We have performed molecular dynamics simulations to explore the influence of confinement on the glass-transition temperature Tg for supported atactic-polystyrene (aPS) thin films of different thickness (1-10 nm) and different strengths of attraction to the substrate (0.1-3.0 kcal/mol). The aPS films have been equilibrated in a melt at 540 K and further cooled down with a constant cooling velocity of 0.01 K/ps below Tg to room temperature, 300 K. On the basis of the density measurements, we have defined three different (substrate, middle, and surface) layers for each film. We found that the monomers close to the surface and in the substrate layer are partially oriented, which leads to more effective monomer packing. For the whole film the average density-based Tg value remains almost constant for films down to 2 nm thickness, where the middle layer vanishes. For the middle layer itself T g does not depend on the total film thickness, while an increase up to 70 K is measured for the substrate layer depending on the strength of attraction to the actual substrate. The surface layer remains liquidlike in the whole temperature range (300-540 K). We claim that the redistribution of mass in the three film layers may explain the change with film thickness of the average Tg, if the latter is determined from linear fits of the average glass and melt densities. © 2011 American Chemical Society.

Baljon A.R.C.,San Diego State University | Williams S.,San Diego State University | Balabaev N.K.,Institute of Mathematical Problems of Biology | Paans F.,TU Eindhoven | And 3 more authors.
Journal of Polymer Science, Part B: Polymer Physics | Year: 2010

In this article, we investigate the glass transition in polystyrene melts and free-standing ultra-thin films by means of large-scale computer simulations. The transition temperatures are obtained from static (density) and dynamic (diffusion and orientational relaxation) measurements. As it turns out, the glass transition temperature of a 3 nm thin film is ∼60 °K lower than that of the bulk. Local orientational mobility of the phenyl bonds is studied with the help of Legendre polynomials of the second-order P2(t). The α and β relaxation times are obtained from the spectral density of P2(t). Our simulations reveal that interfaces affect α and β relaxation processes differently. The β relaxation rate is faster in the center of the film than near a free surface; for the α relaxation rate, an opposite trend is observed. © 2010 Wiley Periodicals, Inc.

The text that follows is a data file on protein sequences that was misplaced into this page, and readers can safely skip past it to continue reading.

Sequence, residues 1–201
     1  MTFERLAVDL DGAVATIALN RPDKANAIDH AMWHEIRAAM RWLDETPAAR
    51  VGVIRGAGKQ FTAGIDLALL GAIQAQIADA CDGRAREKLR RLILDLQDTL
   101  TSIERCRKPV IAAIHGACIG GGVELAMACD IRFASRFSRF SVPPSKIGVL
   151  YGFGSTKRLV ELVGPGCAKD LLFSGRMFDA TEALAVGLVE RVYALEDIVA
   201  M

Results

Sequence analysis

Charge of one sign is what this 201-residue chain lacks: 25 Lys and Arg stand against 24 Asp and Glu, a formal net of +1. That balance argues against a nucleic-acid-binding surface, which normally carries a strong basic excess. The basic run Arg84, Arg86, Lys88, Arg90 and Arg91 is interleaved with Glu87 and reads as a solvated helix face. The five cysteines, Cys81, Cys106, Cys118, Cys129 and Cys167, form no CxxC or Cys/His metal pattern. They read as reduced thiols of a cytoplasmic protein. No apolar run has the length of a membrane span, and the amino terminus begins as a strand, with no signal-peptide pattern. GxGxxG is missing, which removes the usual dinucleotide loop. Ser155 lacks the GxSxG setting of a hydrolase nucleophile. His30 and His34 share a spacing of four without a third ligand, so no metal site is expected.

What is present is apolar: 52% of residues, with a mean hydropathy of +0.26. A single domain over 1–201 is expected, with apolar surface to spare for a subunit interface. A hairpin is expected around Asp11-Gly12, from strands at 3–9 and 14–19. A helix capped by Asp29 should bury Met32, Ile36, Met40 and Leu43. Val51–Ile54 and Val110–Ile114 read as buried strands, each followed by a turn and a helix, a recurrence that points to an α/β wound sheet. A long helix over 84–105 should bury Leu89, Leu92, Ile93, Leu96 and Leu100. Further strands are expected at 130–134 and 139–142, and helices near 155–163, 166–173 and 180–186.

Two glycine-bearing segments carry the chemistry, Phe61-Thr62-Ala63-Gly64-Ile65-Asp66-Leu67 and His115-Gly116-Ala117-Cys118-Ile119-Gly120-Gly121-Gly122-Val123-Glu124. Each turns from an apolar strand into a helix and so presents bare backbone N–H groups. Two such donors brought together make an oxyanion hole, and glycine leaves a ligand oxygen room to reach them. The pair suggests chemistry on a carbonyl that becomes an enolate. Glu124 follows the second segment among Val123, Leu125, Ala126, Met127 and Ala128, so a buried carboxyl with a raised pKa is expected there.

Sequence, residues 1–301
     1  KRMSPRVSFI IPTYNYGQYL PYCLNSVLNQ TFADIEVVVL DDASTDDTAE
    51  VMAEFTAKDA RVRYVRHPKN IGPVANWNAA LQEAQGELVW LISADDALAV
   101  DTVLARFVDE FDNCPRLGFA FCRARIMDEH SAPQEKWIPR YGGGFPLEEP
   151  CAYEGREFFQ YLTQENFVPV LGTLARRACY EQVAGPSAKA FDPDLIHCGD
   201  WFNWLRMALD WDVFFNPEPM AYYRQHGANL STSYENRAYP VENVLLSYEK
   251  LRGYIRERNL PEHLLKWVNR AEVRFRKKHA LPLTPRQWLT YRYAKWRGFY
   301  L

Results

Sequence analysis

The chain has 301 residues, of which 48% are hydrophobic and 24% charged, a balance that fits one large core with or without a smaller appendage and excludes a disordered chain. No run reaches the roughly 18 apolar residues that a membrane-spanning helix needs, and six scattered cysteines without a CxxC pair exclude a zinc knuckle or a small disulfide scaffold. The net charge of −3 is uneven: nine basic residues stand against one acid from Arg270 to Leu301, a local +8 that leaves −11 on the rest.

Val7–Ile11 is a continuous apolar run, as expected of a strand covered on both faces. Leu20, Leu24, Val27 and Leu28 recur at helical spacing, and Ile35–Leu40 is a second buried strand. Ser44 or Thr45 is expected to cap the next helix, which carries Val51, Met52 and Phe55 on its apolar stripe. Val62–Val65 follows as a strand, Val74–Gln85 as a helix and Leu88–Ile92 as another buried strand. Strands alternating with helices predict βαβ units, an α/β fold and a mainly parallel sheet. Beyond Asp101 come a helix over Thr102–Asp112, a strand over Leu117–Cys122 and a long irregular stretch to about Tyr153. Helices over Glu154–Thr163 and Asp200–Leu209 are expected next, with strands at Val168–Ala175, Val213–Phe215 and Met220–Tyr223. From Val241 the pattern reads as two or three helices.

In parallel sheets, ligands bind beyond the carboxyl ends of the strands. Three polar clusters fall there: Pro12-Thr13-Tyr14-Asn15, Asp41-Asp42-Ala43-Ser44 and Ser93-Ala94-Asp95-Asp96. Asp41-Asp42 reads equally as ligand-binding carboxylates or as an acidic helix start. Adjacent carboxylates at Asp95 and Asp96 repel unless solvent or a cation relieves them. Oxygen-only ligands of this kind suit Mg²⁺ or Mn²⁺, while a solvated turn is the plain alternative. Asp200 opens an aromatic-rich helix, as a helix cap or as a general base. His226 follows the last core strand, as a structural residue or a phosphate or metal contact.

Heredia A.,University of Aveiro | Bdikin I.,University of Aveiro | Kopyl S.,University of Aveiro | Mishina E.,Moscow State Institute of Radioengineering | And 7 more authors.
Journal of Physics D: Applied Physics | Year: 2010

Diphenylalanine (FF) peptide nanotubes (PNTs) represent a unique class of self-assembled functional biomaterials owing to a wide range of useful properties including nanostructural variability, mechanical rigidity and chemical stability. In addition, strong piezoelectric activity has recently been observed paving the way to their use as nanoscale sensors and actuators. In this work, we fabricated both horizontal and vertical FF PNTs and examined their optical second harmonic generation and local piezoresponse as a function of temperature. The measurements show a gradual decrease in polarization with increasing temperature accompanied by an irreversible phase transition into another crystalline phase at about 140-150 °C. The results are corroborated by the molecular dynamic simulations predicting an order-disorder phase transition into a centrosymmetric (possibly, orthorhombic) phase with antiparallel polarization orientation in neighbouring FF rings. Partial piezoresponse hysteresis indicates incomplete polarization switching due to the high coercive field in FF PNTs. © 2010 IOP Publishing Ltd.